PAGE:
I just finished up the audio book Midnight in Broad Daylight: A Japanese American Family Caught Between Two Worlds by Pamela Rotner Sakamoto.
This is an autobiography of a family caught in the middle of WWII. It was interesting. I didn’t know a lot about Japanese interment camps and the struggles of families town apart by the war.
This book had the same reader that I had just listened to and had actually complained about. The good news is that in the last book I didn’t like it because she seemed to be reading in a clinical way. When the characters had emotions, the reader made them seem clinical. Although I didn’t love the reader, at least this time around, the clinical feel wasn’t as annoying as this book fit the reader better.
Here’s what Amazon had to say, “Meticulously researched and beautifully written, the true story of a Japanese American family that found itself on opposite sides during World War II—an epic tale of family, separation, divided loyalties, love, reconciliation, loss, and redemption—this is a riveting chronicle of U.S.–Japan relations and the Japanese experience in America.
After their father’s death, Harry, Frank, and Pierce Fukuhara—all born and raised in the Pacific Northwest—moved to Hiroshima, their mother’s ancestral home. Eager to go back to America, Harry returned in the late 1930s. Then came Pearl Harbor. Harry was sent to an internment camp until a call came for Japanese translators and he dutifully volunteered to serve his country. Back in Hiroshima, his brothers Frank and Pierce became soldiers in the Japanese Imperial Army.
As the war raged on, Harry, one of the finest bilingual interpreters in the United States Army, island-hopped across the Pacific, moving ever closer to the enemy—and to his younger brothers. But before the Fukuharas would have to face each other in battle, the U.S. detonated the atomic bomb over Hiroshima, gravely injuring tens of thousands of civilians, including members of their family.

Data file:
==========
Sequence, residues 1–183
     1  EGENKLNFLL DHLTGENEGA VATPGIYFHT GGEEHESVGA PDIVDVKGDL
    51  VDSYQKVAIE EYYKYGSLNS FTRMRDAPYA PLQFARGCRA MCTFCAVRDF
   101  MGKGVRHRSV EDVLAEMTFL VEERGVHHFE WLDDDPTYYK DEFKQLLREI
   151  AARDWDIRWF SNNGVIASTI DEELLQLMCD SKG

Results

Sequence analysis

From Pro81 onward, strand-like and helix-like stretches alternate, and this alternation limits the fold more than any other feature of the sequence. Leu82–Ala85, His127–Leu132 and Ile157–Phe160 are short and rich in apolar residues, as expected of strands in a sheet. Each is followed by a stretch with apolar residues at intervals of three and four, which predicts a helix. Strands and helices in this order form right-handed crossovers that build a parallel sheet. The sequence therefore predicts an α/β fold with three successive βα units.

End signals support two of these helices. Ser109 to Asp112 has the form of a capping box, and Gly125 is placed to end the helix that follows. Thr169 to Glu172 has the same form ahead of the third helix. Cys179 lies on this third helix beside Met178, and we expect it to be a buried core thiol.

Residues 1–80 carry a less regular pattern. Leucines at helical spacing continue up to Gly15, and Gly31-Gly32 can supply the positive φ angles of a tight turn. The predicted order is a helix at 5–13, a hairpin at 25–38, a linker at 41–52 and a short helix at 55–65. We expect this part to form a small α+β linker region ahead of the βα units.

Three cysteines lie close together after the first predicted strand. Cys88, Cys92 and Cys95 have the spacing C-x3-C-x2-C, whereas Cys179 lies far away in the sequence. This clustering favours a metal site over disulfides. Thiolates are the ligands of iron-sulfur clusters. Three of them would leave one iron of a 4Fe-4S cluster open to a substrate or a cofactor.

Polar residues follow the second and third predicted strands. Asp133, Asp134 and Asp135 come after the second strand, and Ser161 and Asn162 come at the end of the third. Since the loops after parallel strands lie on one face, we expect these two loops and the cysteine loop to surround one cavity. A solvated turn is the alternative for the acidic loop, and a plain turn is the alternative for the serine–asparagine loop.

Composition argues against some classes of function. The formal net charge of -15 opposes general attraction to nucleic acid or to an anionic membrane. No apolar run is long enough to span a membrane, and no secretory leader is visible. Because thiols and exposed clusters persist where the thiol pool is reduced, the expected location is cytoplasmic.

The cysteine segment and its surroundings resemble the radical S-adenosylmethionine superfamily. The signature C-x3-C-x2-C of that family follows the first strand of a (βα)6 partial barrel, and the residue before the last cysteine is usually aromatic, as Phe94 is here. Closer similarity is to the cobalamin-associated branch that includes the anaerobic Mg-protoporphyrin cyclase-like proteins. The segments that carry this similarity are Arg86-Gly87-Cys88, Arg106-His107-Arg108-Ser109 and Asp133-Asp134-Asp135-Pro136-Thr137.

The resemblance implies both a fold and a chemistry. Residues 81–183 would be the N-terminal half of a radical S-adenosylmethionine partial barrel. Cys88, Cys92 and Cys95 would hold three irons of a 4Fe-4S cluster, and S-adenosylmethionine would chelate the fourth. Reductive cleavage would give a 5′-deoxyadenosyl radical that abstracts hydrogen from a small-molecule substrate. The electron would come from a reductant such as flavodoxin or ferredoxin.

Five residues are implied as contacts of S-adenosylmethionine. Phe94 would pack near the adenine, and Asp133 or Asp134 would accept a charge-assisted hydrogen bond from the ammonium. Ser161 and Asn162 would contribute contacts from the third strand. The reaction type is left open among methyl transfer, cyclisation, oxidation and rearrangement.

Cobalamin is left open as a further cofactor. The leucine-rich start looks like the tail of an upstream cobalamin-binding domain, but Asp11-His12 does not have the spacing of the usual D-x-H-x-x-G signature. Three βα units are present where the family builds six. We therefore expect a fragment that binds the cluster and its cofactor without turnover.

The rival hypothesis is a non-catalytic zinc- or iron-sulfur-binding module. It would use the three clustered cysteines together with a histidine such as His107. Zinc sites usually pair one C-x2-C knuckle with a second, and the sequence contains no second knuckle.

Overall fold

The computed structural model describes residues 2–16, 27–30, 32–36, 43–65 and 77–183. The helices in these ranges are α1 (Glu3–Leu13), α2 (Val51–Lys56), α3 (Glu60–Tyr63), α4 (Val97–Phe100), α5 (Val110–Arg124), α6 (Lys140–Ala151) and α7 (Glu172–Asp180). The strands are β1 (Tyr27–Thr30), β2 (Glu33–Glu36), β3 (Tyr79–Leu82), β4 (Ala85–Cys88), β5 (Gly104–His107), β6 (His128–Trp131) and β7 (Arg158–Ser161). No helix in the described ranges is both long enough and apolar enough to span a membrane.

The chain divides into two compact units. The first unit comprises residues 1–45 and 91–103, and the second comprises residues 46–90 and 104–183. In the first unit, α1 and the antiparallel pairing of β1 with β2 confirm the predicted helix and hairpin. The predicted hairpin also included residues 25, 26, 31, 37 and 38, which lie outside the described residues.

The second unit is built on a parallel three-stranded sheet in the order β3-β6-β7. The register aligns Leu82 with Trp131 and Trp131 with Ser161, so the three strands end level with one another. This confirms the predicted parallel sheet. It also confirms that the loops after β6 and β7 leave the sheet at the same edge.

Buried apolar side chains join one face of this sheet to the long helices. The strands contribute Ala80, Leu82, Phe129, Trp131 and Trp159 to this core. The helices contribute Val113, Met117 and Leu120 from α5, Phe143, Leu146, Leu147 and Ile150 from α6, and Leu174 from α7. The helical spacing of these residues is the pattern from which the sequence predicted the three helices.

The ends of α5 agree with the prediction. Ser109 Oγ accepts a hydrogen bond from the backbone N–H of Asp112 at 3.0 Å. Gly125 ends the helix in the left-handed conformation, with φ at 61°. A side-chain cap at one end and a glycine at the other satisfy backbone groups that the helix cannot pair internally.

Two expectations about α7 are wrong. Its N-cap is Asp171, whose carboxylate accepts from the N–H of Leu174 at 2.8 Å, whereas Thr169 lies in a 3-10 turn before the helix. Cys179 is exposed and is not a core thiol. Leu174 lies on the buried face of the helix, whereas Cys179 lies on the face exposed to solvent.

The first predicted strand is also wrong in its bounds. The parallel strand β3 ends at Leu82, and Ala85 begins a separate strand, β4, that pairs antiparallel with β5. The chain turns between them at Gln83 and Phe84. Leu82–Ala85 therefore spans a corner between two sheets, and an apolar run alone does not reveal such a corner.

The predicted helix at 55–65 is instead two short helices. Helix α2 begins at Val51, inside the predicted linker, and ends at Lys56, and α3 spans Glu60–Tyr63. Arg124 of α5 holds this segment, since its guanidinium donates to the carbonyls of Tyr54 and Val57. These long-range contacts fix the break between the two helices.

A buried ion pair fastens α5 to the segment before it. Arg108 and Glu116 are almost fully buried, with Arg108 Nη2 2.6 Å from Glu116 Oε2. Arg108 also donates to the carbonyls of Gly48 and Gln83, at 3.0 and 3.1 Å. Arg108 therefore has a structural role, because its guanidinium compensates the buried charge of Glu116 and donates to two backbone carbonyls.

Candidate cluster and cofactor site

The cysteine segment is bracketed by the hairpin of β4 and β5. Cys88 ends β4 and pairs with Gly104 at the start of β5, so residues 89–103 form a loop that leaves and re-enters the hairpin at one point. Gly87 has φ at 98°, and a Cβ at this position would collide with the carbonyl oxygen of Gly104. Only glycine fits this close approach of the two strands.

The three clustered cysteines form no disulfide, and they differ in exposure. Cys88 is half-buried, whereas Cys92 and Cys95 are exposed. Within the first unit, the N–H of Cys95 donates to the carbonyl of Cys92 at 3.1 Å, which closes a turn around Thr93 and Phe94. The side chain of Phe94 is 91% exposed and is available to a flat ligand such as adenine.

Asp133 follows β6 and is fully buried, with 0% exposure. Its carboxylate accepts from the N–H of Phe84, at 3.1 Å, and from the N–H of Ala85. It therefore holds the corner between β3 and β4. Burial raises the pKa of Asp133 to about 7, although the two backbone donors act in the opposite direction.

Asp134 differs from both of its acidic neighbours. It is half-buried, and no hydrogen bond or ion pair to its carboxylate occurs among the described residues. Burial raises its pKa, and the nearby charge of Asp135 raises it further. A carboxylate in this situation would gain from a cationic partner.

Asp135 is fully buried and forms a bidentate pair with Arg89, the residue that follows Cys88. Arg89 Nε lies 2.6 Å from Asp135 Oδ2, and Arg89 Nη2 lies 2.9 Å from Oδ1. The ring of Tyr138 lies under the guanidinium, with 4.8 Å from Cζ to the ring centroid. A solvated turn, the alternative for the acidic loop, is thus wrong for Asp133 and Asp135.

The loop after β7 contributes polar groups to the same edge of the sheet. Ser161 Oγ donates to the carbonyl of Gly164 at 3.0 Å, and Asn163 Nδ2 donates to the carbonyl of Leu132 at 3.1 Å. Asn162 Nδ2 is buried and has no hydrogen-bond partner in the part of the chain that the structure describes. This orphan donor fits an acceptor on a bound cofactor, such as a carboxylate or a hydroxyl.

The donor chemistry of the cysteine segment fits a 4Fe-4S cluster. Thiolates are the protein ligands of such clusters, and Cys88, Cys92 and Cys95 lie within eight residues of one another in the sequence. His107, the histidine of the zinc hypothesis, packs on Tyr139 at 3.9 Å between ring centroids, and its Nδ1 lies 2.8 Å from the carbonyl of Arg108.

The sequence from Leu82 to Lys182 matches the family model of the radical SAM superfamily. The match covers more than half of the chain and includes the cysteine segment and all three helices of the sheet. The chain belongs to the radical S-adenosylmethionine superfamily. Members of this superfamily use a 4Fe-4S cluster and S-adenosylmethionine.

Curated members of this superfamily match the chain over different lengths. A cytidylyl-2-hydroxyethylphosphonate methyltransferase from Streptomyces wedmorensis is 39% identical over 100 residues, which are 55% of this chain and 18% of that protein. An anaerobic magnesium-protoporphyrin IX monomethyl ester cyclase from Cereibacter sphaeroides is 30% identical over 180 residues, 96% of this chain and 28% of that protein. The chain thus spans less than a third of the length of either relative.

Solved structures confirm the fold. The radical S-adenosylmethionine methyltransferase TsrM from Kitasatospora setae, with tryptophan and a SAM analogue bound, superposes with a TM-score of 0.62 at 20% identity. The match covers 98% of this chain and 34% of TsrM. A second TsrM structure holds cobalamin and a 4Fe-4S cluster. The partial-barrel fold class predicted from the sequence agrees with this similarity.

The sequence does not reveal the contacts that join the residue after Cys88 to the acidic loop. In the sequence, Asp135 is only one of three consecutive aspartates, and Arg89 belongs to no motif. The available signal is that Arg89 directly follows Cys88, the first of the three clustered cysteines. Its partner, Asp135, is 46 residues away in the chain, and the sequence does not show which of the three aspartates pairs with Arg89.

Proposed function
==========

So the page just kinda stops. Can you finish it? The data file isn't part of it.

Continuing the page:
Alternating between the American and Japanese perspectives, Midnight in Broad Daylight captures the uncertainty and intensity of those charged with the fighting as well as the deteriorating home front of Hiroshima—as never told before in English—and provides a fresh look at the dropping of the first atomic bomb. Intimate and evocative, it is an indelible portrait of a resilient family, a scathing examination of racism and xenophobia, an homage to the tremendous Japanese American contribution to the American war effort, and an invaluable addition to the historical record of this extraordinary time.”
All in all..the book was okay. Fabulous…no. I was surprised to see that Amazon readers gave the book 4.8 stars. Honestly…I was think more like 4.0 stars. The book was not emotional..it seemed more like a telling of the facts. Even with autobiographies, I like to feel connected or attached to the characters…I never did.